These mistaken biological theories became obsolete over 150 years ago when scientists discovered that a new human individual comes into being from the union of sperm and egg at fertilization. In keeping with this modern understanding, the Church teaches that from the time of conception (fertilization), each member of the human species must be given the full respect due to a human person, beginning with respect for the fundamental right to life.
The strongest response yet to Speaker Pelosi has come from our own archbishop, Edward Cardinal Egan. It was released earlier this afternoon.
Like many other citizens of this nation, I was shocked to learn that the Speaker of the House of Representatives of the United States of America would make the kind of statements that were made to Mr. Tom Brokaw of NBC-TV on Sunday, August 24, 2008. What the Speaker had to say about theologians and their positions regarding abortion was not only misinformed; it was also, and especially, utterly incredible in this day and age.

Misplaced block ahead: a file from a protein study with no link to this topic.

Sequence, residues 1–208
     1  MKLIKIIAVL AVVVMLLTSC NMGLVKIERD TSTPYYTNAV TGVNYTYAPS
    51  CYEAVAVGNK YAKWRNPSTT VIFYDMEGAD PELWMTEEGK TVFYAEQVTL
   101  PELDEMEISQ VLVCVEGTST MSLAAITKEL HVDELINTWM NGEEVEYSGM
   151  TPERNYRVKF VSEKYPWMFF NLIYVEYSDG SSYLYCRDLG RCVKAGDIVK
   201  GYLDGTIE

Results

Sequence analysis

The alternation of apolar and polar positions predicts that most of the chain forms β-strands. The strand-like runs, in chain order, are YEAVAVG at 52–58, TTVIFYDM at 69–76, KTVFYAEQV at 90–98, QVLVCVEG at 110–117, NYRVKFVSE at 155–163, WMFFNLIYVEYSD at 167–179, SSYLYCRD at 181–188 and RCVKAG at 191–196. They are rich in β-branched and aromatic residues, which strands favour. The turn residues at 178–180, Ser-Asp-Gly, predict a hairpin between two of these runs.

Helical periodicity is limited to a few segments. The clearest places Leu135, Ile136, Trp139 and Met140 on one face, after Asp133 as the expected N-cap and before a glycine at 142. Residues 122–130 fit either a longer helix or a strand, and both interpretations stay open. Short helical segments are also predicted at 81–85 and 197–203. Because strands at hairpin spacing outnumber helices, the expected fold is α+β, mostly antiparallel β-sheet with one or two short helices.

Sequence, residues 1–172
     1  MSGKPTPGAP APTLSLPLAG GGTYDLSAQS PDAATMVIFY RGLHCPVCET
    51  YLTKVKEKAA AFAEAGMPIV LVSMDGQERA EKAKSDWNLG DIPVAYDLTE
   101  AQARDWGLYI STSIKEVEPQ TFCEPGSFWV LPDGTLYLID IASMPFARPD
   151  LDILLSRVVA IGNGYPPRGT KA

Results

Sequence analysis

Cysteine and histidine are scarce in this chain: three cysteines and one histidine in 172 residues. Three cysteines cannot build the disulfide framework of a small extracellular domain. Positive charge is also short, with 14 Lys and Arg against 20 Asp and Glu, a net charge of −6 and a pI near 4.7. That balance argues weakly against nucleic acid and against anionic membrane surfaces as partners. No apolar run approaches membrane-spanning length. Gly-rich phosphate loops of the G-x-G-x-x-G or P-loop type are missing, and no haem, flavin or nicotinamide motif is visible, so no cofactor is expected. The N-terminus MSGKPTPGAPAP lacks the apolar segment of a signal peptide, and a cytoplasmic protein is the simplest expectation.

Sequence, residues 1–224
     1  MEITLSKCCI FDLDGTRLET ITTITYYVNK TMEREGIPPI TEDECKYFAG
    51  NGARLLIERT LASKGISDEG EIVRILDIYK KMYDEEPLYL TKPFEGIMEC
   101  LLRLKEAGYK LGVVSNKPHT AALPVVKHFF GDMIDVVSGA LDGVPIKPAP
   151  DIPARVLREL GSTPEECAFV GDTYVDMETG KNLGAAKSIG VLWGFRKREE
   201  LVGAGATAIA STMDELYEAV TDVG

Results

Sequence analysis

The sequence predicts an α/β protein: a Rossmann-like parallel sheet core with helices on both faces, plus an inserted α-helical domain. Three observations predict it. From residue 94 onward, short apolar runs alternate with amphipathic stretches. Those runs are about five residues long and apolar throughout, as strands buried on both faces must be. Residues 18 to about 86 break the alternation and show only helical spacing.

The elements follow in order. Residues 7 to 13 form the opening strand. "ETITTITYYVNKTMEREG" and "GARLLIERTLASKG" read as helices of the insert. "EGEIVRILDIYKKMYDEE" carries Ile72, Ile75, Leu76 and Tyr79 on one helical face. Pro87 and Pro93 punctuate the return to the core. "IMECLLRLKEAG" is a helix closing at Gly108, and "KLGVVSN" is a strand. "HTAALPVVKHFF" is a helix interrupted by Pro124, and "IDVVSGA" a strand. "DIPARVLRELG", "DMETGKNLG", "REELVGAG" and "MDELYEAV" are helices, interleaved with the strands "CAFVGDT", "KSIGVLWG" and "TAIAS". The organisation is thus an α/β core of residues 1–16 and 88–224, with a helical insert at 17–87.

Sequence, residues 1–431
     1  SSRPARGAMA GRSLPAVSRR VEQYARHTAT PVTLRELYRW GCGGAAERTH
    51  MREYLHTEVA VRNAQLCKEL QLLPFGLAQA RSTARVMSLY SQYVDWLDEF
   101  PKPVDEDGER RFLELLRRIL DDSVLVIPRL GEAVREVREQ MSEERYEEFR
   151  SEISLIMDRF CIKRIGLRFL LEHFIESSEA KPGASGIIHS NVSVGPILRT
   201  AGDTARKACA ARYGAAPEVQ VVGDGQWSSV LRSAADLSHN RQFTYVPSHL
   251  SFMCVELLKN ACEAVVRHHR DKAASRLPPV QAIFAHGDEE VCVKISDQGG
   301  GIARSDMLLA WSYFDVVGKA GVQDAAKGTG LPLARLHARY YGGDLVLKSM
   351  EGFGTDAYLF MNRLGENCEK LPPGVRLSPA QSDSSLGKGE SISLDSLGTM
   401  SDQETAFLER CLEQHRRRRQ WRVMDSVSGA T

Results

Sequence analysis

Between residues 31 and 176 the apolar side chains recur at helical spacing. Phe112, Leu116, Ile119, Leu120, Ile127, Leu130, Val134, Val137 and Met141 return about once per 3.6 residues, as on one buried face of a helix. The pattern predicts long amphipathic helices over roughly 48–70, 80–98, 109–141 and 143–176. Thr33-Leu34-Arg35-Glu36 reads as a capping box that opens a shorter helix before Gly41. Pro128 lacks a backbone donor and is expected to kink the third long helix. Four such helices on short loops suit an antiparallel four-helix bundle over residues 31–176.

We are blessed in the 21st century with crystal-clear photographs and action films of the living realities within their pregnant mothers. No one with the slightest measure of integrity or honor could fail to know what these marvelous beings manifestly, clearly, and obviously are, as they smile and wave into the world outside the womb. In simplest terms, they are human beings with an inalienable right to live, a right that the Speaker of the House of Representatives is bound to defend at all costs for the most basic of ethical reasons. They are not parts of their mothers, and what they are depends not at all upon the opinions of theologians of any faith. Anyone who dares to defend that they may be legitimately killed because another human being “chooses” to do so or for any other equally ridiculous reason should not be providing leadership in a civilized democracy worthy of the name.
Edward Cardinal Egan
Archbishop of New York
No doubt more will be said as this controversy unfolds. Desiring a happy conclusion, we pray that the right words will come from the right mouths, and that these words will fall fruitfully on the right ears.
To read excerpt’s the Church Fathers regarding abortion, click here.
UPDATE: Despite thorough debunking by the nation’s bishops, Pelosi stands by her comments. Click here for the story.